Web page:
Just to put it on the table, you have no business creating anything for Gameboy if you have not yet read "Everything You Always Wanted To Know About GAMEBOY: but were afraid to ask."
Read it and then return for my tutorial. I can wait.
Now then, lets start talking about sprites, maps and other graphic elements. As you very well know, the Dot matrix gameboy displays four shades of grey (or green). Each shade is represented by two bits: 00, 01, 10 or 11 respectively. It isn't that important to know right now, but while setting up the palette in your gameboy code, it is commonly done as follows:
ld a, %11100100 ; Window palette colors, from darkest to lightest
ld [rBGP], a ; Load Accumulator A (11100100) into rGBP
Where "rBGP" Equates to $FF47, an address representative of the specially reserved I/O Register...but why am I just repeating what you have already read, right?
Now, back to the point. You may choose to design all of your characters and objects for your game strictly in binary or hexadecimal data if you wish but I prefer the visual approach. You know, the kind with a GUI. ;)
First download these two programs:
Gameboy Tile Designer: http://www.devrs.com/gb/hmgd/gbtd.html
Gameboy Map Builder: http://www.devrs.com/gb/hmgd/gbmb.html
Both of these tools will help you create and visualize the output of tiles and maps. Tiles are going to be used both for maps and for sprites, you can imagine a sprite or character figure to be a collection of tiles. Pretty simple.
You'll start by opening Gameboy Tile Designer (or GBTD.exe). I like to keep the default color palette which is "Gameboy Pocket" because it is easier to work in shades of black rather than shades of green. Under View, I also like to switch to "simple" and use nibble markers, though they are not very easy to see.
Next select the color you would like to draw with by adding it to either your left mouse button or right mouse button by clicking on it with the corresponding button. Start filling in squares to your liking. You make design single 8 x 8 sprites or larger. Anything you wish as long as it is four colors. Once you finish a tile, click on the next blank tile on the far right of GBTD.
You will save the file with whatever content you have at this point and name it something relative to the content. Open Gameboy Map Builder (or GBMB.exe) and click file > Map Properties then use the browse button to locate your new *.GBR file that you made in GBTD. For no, you may ignore width and height because you can add columns and rows at will.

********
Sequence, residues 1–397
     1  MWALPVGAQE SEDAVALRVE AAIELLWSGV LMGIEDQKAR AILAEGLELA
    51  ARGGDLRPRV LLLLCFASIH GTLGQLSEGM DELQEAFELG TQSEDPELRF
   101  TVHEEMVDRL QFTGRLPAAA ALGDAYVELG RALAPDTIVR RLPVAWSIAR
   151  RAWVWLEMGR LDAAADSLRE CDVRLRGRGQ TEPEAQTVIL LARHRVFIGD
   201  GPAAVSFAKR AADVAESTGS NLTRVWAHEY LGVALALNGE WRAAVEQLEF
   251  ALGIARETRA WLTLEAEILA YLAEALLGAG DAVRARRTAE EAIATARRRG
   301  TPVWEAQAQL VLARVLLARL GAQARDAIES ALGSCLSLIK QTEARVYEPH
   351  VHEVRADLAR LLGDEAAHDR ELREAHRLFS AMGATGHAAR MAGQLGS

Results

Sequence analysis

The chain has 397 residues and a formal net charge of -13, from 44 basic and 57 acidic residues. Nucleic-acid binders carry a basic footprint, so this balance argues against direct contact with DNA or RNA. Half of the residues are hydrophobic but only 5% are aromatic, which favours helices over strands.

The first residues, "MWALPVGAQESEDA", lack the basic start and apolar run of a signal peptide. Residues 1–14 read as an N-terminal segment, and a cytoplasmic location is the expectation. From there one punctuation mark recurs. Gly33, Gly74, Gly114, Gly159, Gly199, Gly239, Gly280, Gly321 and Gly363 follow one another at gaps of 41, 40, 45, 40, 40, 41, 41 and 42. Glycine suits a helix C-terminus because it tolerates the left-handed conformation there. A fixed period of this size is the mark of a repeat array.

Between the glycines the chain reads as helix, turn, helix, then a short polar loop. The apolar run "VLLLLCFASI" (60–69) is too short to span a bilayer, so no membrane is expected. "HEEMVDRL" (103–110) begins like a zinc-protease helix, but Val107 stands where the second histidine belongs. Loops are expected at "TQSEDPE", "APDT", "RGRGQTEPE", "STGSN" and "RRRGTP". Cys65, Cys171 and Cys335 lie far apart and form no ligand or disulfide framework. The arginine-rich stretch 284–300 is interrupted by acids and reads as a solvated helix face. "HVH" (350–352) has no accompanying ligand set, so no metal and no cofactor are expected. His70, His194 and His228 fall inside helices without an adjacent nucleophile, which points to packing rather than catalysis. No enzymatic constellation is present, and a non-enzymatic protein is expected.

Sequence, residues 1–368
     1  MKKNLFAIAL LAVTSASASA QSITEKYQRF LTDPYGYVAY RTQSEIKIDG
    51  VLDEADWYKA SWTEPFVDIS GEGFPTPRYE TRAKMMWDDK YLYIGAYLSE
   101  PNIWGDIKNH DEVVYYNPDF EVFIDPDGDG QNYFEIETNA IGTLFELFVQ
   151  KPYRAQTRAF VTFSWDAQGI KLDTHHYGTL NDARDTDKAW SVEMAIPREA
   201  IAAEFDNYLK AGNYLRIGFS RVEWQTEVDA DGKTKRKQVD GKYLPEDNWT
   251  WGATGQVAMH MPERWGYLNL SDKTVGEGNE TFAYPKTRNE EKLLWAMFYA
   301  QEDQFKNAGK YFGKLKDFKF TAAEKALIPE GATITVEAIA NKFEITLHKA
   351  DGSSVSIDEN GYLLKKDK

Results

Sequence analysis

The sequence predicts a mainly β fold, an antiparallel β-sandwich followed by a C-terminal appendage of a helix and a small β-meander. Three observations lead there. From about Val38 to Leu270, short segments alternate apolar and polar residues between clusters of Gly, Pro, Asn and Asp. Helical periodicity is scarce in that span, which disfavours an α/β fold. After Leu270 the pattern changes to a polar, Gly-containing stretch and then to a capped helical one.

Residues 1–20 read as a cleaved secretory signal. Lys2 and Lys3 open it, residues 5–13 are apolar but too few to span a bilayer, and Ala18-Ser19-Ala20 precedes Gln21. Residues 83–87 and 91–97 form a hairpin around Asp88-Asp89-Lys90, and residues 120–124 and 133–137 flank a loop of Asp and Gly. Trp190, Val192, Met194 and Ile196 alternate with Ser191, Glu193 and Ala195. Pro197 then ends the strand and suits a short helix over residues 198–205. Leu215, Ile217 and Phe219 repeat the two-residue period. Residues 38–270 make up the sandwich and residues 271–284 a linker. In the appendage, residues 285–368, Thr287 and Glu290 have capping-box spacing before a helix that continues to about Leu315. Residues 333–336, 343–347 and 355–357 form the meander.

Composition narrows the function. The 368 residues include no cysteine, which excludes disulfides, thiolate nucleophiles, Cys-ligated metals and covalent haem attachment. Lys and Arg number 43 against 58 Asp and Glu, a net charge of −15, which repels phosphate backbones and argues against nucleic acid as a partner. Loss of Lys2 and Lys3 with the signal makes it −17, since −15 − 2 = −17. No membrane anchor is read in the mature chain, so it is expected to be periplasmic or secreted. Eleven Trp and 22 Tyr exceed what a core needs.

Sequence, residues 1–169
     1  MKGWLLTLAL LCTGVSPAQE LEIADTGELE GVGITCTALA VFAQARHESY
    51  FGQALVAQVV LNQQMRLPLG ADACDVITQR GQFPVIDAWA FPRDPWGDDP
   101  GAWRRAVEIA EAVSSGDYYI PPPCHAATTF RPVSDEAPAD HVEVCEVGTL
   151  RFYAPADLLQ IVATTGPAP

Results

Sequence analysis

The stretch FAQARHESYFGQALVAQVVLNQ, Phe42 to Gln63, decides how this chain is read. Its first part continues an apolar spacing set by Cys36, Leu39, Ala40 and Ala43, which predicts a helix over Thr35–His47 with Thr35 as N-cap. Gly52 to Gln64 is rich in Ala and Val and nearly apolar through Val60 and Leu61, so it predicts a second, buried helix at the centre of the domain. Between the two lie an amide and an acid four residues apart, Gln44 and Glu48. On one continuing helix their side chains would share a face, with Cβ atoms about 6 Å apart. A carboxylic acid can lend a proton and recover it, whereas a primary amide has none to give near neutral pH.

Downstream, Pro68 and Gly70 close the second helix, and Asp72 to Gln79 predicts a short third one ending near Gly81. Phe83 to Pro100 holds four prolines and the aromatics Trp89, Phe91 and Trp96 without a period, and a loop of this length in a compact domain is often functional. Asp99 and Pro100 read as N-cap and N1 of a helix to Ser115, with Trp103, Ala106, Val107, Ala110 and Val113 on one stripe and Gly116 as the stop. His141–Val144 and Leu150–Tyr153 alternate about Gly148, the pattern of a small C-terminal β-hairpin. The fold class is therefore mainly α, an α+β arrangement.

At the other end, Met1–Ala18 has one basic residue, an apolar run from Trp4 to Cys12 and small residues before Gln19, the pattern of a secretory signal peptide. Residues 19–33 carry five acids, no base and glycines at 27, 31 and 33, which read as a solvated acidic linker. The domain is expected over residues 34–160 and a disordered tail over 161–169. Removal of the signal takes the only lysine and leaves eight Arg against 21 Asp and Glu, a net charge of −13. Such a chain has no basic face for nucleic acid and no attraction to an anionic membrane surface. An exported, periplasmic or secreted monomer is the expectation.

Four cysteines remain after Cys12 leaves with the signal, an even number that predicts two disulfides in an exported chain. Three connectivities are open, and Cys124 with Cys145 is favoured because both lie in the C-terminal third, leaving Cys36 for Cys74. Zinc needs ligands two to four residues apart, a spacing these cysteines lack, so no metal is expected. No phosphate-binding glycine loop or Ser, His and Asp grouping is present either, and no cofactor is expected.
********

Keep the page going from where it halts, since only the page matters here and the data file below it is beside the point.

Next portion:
Once you have loaded in your tiles, you may continue to make more tiles! Make and place tiles, side-by-side by having both programs open at once. Each time you save your *.GBR file in GBTD, GBMB will automatically update! How cool is that?
Here are some time-elapsed screenshots of my own work.
The above Map is simply a 160x144px image that I can manipulate on screen. REMEMBER:
"The main GameBoy screen buffer (background) consists of 256x256 pixels or 32x32 tiles (8x8 pixels each). Only 160x144 pixels can be displayed on the screen." That means that where ever I place the image on the gameboy, there will be large empty scape on the sides. If I wanted to, I could have designed a full 256x256px map and used a scroll option and the d-pad buttons to view it all.
My process of designing such a large map was that I took an image I had re-sized and pixelized in Photoshop. There are a few options when pixelizing and for this one, I chose "pattern."
Below is the full 160x144 image which I have then transposed into GBTD...one tile at a time. It took nearly four hours, but I figured out that I was able to copy and paste a few of the colors. It turened out that the three lightest colors could be copied and pasted from PS to GBTD. I still had to fill in the black (11) pixels though.
With a temporary frame, I was able to see more clearly which pixels I was currently working on. Again, I did this one 8x8 tile at a time.
Once you get better at creating tiles, you can create all sorts of maps and sprites, both for game characters and even art!
When I am able to write better ASM code, I will demonstrate how to export these files and INCLUDE them into your very own ROM images.
Thanks for reading!